New York. An unprecedented gale
blew a Harlem train from the track
on Boston corners, but there was only
one casualty.
The brig Brewster is unloading
iron at East Portland and will then
load cargo for San Francisco.
Thomas Frazer"s report on income
taxes in Oregon for 1SSS shows that
25 persons paid $500 or more: 1S8 paid
between $100 and $500: 289 paid be
tween $50 and $100; 478 paid between
$20 and $50 and 552 paid $20 or less.
The secretary of the state agricul
tural society has just sent 500 copies
of "Statistics of Oregon" to be dis
tributed through eastern state.
To Those Betrothed.
By Grace K. Hall.
The pledge of the Port of Port
land to dredge and maintain a chan
nel 35 feet deep and 500 feet wide
from Portland to the mouth of the
Willamette river provided the gov
ernment will establish and maintain
the same width and depth down the
Columbia to the sea, as recom
mended by Colonel Slattery, is an
earnest of this port's determination
to place itself on an equality with the
greatest ports in the world. That
pledge will go far to insure favorable
recommendation to congress by the
board of engineers, and - will have
great weight with congress when it
passes the next river and harbor bill.
To an increasing degree congress is
disposed to help those ports which
help themselves, and its judgment of
the merit of a project is much in
fluenced by the readiness of a com
munity to spend its own money on
The proposed work would give the
Columbia river channel greater depth
om conservative FOOD tastes than any other river port in the
Vilhjamur Stefansson, the arctic United States or Europe, greater
explorer, speaking before a conven- width than any of those ports except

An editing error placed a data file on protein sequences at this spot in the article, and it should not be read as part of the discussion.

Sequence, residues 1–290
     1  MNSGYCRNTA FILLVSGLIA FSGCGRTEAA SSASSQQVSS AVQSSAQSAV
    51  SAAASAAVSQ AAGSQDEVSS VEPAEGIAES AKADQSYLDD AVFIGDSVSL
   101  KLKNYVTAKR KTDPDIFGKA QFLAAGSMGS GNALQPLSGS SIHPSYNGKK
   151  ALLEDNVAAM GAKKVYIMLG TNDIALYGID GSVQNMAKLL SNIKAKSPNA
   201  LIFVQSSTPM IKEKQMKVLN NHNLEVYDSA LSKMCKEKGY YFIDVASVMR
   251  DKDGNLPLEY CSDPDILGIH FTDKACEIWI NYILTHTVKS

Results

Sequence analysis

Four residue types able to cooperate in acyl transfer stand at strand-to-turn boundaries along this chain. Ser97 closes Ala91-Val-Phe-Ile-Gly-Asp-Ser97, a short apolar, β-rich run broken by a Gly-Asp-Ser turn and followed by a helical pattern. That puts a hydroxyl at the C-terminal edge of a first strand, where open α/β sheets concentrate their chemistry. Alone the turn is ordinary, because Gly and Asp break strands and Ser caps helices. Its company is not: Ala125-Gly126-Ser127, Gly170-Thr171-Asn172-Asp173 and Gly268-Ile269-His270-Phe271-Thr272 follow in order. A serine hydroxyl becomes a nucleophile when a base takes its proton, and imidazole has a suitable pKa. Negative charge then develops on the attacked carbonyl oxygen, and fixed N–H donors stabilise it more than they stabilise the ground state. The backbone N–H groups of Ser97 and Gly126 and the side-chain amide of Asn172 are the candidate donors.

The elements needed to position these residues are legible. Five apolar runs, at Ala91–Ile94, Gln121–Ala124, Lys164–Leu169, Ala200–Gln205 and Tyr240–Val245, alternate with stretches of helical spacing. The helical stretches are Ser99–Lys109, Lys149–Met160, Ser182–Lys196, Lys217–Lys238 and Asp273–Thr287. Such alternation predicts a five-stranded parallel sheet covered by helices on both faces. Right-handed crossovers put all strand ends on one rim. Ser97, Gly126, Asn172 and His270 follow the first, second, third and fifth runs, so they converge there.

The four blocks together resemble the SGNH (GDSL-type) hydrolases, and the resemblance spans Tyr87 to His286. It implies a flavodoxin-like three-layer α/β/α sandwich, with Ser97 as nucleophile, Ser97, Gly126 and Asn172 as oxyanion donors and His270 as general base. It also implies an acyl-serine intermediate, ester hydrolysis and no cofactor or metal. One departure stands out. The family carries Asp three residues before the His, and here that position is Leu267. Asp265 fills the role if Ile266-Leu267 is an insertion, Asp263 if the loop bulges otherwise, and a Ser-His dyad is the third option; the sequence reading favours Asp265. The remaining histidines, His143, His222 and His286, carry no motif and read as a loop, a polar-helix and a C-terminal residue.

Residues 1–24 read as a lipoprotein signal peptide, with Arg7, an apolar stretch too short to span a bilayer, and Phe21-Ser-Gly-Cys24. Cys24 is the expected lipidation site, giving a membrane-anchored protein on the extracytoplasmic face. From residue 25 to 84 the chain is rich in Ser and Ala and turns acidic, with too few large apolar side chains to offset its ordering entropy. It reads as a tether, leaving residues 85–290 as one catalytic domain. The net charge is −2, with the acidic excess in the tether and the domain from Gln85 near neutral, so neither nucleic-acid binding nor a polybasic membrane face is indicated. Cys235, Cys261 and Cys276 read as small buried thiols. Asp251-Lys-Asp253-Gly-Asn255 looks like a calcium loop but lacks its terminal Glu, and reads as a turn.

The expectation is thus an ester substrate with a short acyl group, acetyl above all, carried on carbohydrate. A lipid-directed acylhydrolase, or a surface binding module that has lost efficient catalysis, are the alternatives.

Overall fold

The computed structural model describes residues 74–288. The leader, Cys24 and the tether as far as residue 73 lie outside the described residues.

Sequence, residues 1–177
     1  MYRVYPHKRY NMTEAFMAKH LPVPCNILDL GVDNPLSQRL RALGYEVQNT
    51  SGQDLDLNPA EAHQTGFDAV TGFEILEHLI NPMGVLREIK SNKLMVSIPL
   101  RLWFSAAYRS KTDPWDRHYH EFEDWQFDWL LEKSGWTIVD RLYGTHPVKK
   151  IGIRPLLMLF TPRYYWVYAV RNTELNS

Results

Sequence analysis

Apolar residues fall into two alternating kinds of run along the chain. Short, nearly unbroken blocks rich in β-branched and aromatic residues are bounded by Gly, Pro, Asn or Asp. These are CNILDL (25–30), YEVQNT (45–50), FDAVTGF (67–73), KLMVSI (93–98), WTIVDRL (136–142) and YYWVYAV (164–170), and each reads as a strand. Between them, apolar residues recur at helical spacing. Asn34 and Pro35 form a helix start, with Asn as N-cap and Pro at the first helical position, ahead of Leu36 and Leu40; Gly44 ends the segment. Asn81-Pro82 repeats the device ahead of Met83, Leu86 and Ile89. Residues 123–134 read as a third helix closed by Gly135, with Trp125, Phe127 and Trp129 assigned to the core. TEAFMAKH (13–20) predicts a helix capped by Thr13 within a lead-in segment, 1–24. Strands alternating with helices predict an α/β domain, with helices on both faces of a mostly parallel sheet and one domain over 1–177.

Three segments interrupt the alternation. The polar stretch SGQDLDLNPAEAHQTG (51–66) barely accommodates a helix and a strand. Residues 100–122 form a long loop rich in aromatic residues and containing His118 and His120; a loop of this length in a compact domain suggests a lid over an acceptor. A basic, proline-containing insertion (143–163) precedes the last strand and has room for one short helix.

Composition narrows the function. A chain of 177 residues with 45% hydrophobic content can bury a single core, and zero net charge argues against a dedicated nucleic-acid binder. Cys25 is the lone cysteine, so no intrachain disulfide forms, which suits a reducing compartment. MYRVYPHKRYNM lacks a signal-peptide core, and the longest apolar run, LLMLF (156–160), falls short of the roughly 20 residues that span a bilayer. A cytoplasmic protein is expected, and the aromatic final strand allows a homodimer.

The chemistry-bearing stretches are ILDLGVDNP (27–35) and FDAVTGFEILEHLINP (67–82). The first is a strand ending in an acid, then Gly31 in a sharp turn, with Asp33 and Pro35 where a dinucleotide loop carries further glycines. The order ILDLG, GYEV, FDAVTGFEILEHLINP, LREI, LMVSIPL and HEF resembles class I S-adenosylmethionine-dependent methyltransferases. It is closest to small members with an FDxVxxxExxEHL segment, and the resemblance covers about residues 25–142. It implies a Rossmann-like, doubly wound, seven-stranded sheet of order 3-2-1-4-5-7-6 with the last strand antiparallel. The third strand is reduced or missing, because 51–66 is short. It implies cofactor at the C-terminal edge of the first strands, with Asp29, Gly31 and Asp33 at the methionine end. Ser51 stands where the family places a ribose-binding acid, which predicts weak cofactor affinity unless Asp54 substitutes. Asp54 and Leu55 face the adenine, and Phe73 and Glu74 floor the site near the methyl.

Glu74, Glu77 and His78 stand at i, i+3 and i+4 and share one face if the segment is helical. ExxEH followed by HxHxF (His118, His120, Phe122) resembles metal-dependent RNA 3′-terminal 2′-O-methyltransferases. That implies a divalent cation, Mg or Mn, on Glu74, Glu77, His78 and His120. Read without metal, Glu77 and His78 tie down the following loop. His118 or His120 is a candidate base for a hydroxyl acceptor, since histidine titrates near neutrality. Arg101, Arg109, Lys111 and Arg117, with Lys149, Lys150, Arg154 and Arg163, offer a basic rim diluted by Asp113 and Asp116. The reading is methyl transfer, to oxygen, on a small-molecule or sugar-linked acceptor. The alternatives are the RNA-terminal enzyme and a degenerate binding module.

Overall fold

tion of hotel men on the palatability Hamburg and Galveston and equal
of whale meat, put his finger on the width with Philadelphia. It would
difficulty of introducing a radically have ample width for any ship to
new food into our diet when he said navigate with safety, giving a safe
that "we. have certain standards of margin to come and go on. The
food and we hate to go outside those channel would be both deep enough
standards." The question is always and wide enough for any dread
asked when whale meat is under dis- naught or for the largest liner, the
cussion: "In what way does it re- Imperator. which draws 32.8 feet.
semble beef, or mutton, or pork?" It is superior to the Elbe below Ham-
These three are our national meat I burg or the Mississippi below New
The administration newspapers
now echo the cry of the one juror
who denounced the eleven other ob
stinate jurors. The sole achievement
of the one-juror is to prevent a verdict-
More than likely the- democratic
national convention will be the first
held. That party is the defendant
next year. It will be funny to miss
the usual "deplore" in each plank.
A dispatch from the front says
the Letts are steadily driving their
enemies back and intend to continue
the offensive. In other words, there
is to be no Lett up in the hostilities.
Government is said to have made
three millions profit in railroading
in September. Mere bookkeeping!
Government cannot make a profit in
anything not this government.
It was not exactly a red letter day
for the twenty-two reds who were
indicted for criminal syndicalism,
with the possibility of ten-year sen
tences In the penitentiary.
One of the absurdities of the times
is the jump in prices of ammunition
since the armistice was signed. The
makers cannot base it on shortage
and consumption.
standards, except that we have
similar btisis of comparison for fowls,
the chicken, the turkey and the duck'
serving the purpose here. Venison
is compared with mutton, bear with
pork and buffalo with beef. We eat
game sparingly.. when we can get it,
but any hunter will tell you how soon
it begins to cloy when it becames a
steady diet.
It has taken a good many genera-
Orleans in the fact, as shown by a
map published with an article by
W. H. Crawford in the Pacific Ma
rine Review, that it already has
eleven anchorage grounds more than
35 feeT deep and ranging in width
from 1300 to 2650 feet nd in length
from 1 Vz to- 7 miles. These wrde,
deep stretches of water aggregate
40 of the 100 miles of channel be
tween Portland and the sett, and they
tions so to fix our conservatism as greatly diminish the risks of naviga-
to food, and it is a fact that a scien- tion.
tist could write volumes about how
we have adapted ourselves to the
process ot deriving especial nourish
ment from the foods to which we
have long been accustomed by ages
of selection. The alimentary proc
ess of the American is not that of